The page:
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I have a class in which I am passing certain parameters through the constructor and then using those parameters to make one final byte array with a proper format (header + data):

public final class Frame {
  private final byte addressedCenter;
  private final byte version;
  private final Map<byte[], byte[]> keyDataHolder;
  private final long location;
  private final long locationFrom;
  private final long locationOrigin;
  private final byte partition;
  private final byte copy;

  public Frame(byte addressedCenter, byte version,
      Map<byte[], byte[]> keyDataHolder, long location, long locationFrom,
      long locationOrigin, byte partition, byte copy) {
    this.addressedCenter = addressedCenter;
    this.version = version;
    this.keyDataHolder = keyDataHolder;
    this.location = location;
    this.locationFrom = locationFrom;
    this.locationOrigin = locationOrigin;
    this.partition = partition;
    this.copy = copy;
  }

  public byte[] serialize() {
    // All of the data is embedded in a binary array with fixed maximum size 70000
    ByteBuffer byteBuffer = ByteBuffer.allocate(70000);
    byteBuffer.order(ByteOrder.BIG_ENDIAN);

    int numOfRecords = keyDataHolder.size();
    int bufferUsed = getBufferUsed(keyDataHolder); // 36 + dataSize + 1 + 1 + keyLength + 8 + 2;

    // header layout
    byteBuffer.put(addressedCenter); // byte
    byteBuffer.put(version); // byte
    byteBuffer.putInt(numOfRecords); // int
    byteBuffer.putInt(bufferUsed); // int
    byteBuffer.putLong(location); // long
    byteBuffer.putLong(locationFrom); // long
    byteBuffer.putLong(locationOrigin); // long
    byteBuffer.put(partition); // byte
    byteBuffer.put(copy); // byte

    // now the data layout
    for (Map.Entry<byte[], byte[]> entry : keyDataHolder.entrySet()) {
      byte keyType = 0;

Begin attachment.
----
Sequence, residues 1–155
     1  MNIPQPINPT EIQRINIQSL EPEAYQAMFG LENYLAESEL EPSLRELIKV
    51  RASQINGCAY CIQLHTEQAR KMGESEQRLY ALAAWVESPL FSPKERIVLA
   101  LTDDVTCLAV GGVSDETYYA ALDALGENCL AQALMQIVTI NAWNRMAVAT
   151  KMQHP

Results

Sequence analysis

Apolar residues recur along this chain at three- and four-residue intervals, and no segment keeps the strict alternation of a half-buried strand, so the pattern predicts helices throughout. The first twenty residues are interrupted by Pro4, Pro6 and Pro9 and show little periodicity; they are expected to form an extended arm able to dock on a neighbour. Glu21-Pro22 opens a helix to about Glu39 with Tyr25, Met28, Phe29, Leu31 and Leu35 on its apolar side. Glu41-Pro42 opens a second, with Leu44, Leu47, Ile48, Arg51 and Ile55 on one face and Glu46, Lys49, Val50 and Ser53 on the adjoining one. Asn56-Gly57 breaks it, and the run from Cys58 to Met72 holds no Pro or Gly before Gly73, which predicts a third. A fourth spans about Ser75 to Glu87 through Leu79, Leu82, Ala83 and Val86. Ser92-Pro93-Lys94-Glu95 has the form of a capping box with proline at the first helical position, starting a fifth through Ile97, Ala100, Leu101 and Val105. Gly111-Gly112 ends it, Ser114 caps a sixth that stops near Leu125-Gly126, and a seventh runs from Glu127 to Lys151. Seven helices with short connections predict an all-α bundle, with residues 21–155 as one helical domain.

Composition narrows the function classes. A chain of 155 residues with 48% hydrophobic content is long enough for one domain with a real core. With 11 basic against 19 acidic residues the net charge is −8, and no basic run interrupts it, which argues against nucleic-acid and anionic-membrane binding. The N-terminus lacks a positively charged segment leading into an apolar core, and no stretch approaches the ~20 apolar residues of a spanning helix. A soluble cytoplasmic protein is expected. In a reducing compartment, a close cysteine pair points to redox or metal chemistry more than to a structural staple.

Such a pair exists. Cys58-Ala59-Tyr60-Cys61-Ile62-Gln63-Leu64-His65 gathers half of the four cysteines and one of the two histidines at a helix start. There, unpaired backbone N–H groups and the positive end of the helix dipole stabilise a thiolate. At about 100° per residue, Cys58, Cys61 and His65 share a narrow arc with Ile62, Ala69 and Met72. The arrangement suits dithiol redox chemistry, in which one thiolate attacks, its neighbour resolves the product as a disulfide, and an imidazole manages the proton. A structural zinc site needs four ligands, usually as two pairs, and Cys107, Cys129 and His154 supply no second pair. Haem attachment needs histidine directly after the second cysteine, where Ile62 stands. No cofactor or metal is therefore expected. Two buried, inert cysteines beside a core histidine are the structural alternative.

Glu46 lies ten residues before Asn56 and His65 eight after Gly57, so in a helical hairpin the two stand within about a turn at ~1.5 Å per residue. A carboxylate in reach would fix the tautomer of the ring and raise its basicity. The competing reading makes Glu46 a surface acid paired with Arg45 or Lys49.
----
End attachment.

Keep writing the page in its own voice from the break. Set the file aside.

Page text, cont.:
byte keyLength = (byte) entry.getKey().length;
      byte[] key = entry.getKey();
      byte[] data = entry.getValue();
      short dataSize = (short) data.length;

      ByteBuffer dataBuffer = ByteBuffer.wrap(data);
      long timestamp = 0;

      if (dataSize > 10) {
        timestamp = dataBuffer.getLong(2);              
      }       

      byteBuffer.put(keyType);
      byteBuffer.put(keyLength);
      byteBuffer.put(key);
      byteBuffer.putLong(timestamp);
      byteBuffer.putShort(dataSize);
      byteBuffer.put(data);
    }
    return byteBuffer.array();
  }

  private int getBufferUsed(final Map<byte[], byte[]> keyDataHolder) {
    int size = 36;
    for (Map.Entry<byte[], byte[]> entry : keyDataHolder.entrySet()) {
      size += 1 + 1 + 8 + 2;
      size += entry.getKey().length;
      size += entry.getValue().length;
    }
    return size;
  }  
}

I would like to know if it can be improved in any way. As you can see right now, I am allocating ByteBuffer with predefined size of 70000. Is there a better way by which I can allocate the size I am using while making ByteBuffer instead of using a hardcoded 70000?

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A minor aesthetics advice

You can save some typing by using the method chains over ByteBuffer:

private int getBufferCapacity(final Map<byte[], byte[]> keyDataHolder) {
    int size = 36;
    for (Map.Entry<byte[], byte[]> entry : keyDataHolder.entrySet()) {
        size += 1 + 1 + 8 + 2;